Currently, there have been many studies on the preparation of leather composites. In this section, five common and effective methods are introduced in detail, including vacuum-assisted filtration, spraying, laser direct writing (LDW), in-situ growth, and multilayer assembly.

Vacuum-assisted filtration

The method of vacuum-assisted filtration utilizes a vacuum environment to provide a pressure difference between the upper and lower sides of leather, which drives functional materials to enter the interior of the leather and combine with collagen fibers. Then, the samples were dried to obtain leather composites. Due to its unique layered structure, there are significant differences between the two sides of leather. The grain side is composed of collagen fibers and elastic fibers, and the fiber bundles are finer and more tightly woven, presenting an uneven shape[40]. The fiber side is composed of interwoven bundles of collagen fibers of different thicknesses, forming a three-dimensional network, and its tightness is positively correlated with the mechanical properties of leather. Ma et al. utilized this characteristic to put the fiber side of the leather upwards, and AgNWs were dissolved and infiltrated into the porous structure of the leather through vacuum-assisted filtration [Figure 1A][41]. Strong interactions between AgNWs and collagen fiber bundles could be generated through hydrogen bonding, forming an efficient three-dimensional conductive network in leather. The pores of leather range from tens to hundreds of nanometers, so nanoscale functional materials, such as MXene, CNTs, GO, poly(3,4-ethylenedioxythiophene) nanofibers (PEDOT NFs), and ionic liquids, within this scale can be used to prepare leather composites by vacuum-assisted filtration[42].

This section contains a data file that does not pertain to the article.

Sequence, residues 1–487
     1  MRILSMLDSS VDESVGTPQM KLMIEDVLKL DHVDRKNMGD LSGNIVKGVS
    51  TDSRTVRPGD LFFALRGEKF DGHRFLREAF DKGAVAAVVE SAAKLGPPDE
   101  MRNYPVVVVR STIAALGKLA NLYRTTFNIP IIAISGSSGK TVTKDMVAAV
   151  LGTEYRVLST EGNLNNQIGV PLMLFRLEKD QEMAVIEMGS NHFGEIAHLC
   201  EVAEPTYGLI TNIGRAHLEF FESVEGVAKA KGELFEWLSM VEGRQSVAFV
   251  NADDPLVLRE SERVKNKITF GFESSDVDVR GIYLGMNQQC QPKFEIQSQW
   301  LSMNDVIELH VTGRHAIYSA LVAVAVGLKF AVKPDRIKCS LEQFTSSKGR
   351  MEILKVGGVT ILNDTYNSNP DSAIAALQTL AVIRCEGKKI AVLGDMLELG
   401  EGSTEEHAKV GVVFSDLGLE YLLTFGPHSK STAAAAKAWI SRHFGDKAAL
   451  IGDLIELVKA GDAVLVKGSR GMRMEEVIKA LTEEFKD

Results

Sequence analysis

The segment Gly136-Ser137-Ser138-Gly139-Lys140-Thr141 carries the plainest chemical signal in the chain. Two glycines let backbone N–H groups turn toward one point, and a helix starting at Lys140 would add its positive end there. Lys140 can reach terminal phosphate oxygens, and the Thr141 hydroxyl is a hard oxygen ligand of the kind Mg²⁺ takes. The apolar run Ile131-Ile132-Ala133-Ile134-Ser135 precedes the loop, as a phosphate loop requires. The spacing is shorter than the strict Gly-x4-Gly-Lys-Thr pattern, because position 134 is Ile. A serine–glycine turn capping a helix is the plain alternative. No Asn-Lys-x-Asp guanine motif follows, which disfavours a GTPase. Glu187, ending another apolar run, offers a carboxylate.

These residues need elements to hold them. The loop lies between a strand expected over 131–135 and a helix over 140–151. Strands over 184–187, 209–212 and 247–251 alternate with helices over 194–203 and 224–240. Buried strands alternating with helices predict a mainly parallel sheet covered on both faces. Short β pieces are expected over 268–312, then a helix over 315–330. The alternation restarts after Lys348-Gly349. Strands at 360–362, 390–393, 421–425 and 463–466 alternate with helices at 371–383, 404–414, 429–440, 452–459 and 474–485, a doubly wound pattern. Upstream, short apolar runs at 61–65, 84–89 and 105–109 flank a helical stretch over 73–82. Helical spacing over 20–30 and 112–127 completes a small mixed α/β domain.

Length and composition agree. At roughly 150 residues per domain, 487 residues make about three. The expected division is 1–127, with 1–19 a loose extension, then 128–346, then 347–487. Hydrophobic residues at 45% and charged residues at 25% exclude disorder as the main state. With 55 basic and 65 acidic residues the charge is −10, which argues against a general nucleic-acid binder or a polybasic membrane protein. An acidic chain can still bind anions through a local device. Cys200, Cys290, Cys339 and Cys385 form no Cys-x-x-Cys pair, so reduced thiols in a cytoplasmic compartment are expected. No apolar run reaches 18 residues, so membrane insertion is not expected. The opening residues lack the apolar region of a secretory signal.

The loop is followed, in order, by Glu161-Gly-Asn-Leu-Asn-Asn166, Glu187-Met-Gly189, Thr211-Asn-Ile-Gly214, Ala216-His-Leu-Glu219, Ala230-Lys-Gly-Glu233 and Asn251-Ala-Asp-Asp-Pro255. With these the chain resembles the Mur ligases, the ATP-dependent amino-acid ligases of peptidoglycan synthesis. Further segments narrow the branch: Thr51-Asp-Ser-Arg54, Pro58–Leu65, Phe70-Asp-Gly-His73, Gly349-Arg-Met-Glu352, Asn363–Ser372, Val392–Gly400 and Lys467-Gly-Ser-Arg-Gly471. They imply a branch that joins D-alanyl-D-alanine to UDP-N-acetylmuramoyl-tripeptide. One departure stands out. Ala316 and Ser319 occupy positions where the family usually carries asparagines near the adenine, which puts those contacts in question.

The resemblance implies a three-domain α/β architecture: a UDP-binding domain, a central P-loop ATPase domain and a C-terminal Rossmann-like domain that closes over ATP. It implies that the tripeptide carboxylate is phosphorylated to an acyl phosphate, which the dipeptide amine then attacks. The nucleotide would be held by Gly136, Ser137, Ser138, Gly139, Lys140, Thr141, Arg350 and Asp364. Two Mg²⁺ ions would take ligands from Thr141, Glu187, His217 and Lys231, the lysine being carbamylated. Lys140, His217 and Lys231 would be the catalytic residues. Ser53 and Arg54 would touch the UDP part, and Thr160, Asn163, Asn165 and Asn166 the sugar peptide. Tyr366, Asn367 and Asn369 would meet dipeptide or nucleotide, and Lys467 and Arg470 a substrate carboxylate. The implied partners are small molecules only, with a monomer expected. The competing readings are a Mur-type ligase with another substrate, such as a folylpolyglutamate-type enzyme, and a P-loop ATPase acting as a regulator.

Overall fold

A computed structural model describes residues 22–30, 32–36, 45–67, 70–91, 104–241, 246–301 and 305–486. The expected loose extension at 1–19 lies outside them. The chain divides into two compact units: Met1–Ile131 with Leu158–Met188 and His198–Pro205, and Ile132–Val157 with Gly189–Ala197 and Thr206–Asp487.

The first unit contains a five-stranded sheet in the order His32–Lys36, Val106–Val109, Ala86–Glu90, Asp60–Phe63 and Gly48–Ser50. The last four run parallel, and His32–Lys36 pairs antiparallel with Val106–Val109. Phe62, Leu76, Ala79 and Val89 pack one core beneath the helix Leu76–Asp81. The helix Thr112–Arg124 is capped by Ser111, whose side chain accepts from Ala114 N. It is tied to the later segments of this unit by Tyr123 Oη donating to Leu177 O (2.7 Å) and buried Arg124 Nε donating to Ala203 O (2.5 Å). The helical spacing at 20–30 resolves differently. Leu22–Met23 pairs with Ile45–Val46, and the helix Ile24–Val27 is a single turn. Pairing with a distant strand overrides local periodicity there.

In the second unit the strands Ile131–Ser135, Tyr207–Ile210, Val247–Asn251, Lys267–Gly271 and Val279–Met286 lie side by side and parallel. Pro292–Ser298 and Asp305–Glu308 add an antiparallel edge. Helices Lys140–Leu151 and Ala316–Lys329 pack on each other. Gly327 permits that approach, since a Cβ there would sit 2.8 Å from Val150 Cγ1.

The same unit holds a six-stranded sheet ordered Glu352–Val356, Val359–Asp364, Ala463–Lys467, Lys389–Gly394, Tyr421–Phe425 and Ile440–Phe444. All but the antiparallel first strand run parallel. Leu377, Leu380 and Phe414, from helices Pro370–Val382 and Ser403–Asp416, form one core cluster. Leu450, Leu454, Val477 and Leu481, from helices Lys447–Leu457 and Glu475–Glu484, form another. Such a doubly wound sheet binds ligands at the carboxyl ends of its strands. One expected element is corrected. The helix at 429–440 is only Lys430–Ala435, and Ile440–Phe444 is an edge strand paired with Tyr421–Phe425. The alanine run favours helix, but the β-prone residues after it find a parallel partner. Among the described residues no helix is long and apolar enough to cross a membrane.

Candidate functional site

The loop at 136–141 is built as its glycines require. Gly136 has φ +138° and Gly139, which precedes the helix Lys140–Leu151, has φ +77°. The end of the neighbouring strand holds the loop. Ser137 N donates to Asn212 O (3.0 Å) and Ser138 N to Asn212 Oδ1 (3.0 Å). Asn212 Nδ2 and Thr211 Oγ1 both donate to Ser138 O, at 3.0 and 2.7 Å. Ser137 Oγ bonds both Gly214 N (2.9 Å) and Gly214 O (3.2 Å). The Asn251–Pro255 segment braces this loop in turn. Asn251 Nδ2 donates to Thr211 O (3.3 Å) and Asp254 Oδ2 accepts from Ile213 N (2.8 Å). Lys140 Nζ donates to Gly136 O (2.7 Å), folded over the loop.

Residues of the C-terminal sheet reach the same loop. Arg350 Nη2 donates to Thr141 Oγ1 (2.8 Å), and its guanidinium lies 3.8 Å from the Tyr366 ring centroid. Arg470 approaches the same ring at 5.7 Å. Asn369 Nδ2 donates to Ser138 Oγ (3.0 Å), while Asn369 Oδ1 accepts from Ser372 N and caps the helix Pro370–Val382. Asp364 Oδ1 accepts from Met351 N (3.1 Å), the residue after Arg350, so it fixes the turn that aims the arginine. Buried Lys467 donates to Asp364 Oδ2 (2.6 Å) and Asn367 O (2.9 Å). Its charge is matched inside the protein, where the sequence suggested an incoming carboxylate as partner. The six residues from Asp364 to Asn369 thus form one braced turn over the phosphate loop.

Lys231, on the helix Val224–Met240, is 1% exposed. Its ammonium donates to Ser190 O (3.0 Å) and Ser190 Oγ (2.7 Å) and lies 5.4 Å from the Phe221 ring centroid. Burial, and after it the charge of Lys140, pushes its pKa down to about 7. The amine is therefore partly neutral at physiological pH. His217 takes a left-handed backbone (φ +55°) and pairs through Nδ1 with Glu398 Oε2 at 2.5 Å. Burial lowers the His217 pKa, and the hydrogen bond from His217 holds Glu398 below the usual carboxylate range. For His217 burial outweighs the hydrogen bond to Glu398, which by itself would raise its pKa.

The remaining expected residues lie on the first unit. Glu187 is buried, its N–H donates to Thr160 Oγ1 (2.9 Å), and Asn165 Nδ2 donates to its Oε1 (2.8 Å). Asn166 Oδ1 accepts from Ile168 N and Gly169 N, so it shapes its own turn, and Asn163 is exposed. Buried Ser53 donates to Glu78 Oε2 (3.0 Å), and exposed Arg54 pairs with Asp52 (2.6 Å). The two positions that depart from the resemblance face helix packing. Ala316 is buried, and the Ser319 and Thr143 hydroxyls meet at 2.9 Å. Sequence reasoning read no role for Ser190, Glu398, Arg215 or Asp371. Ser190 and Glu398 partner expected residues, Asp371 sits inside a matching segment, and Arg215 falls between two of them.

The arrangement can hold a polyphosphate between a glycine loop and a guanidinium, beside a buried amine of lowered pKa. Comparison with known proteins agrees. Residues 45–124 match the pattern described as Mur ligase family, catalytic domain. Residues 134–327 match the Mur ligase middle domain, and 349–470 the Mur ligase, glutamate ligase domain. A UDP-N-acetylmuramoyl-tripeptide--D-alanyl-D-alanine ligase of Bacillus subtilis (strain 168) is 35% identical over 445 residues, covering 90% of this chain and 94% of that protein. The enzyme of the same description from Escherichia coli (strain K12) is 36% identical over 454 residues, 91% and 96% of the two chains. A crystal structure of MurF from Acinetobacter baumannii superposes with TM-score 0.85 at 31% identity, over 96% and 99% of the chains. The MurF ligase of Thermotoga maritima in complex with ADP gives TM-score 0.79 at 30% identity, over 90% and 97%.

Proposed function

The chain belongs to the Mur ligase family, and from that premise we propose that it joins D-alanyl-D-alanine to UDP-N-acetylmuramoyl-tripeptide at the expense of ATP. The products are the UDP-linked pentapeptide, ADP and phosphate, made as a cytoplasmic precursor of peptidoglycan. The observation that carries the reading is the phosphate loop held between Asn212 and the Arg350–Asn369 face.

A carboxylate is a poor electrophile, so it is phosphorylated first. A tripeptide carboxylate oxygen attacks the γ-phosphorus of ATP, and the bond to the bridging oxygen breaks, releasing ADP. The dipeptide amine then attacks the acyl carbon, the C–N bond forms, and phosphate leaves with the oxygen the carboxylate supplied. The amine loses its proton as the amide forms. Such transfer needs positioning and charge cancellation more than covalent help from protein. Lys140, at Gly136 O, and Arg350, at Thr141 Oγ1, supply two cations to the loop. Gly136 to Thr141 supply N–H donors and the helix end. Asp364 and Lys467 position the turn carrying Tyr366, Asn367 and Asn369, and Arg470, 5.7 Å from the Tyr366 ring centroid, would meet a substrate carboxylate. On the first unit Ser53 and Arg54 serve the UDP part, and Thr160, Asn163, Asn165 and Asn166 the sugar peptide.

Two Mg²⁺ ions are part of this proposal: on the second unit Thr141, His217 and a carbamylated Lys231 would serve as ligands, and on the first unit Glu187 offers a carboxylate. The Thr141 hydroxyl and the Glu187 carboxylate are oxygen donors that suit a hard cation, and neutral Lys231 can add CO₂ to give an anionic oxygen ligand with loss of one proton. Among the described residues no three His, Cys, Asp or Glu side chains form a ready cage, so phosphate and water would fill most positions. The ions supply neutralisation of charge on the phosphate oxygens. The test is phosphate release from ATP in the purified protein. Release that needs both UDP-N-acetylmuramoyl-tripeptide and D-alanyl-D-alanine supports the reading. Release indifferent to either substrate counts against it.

From natural leather to intelligent wearable nanocomposite: design and application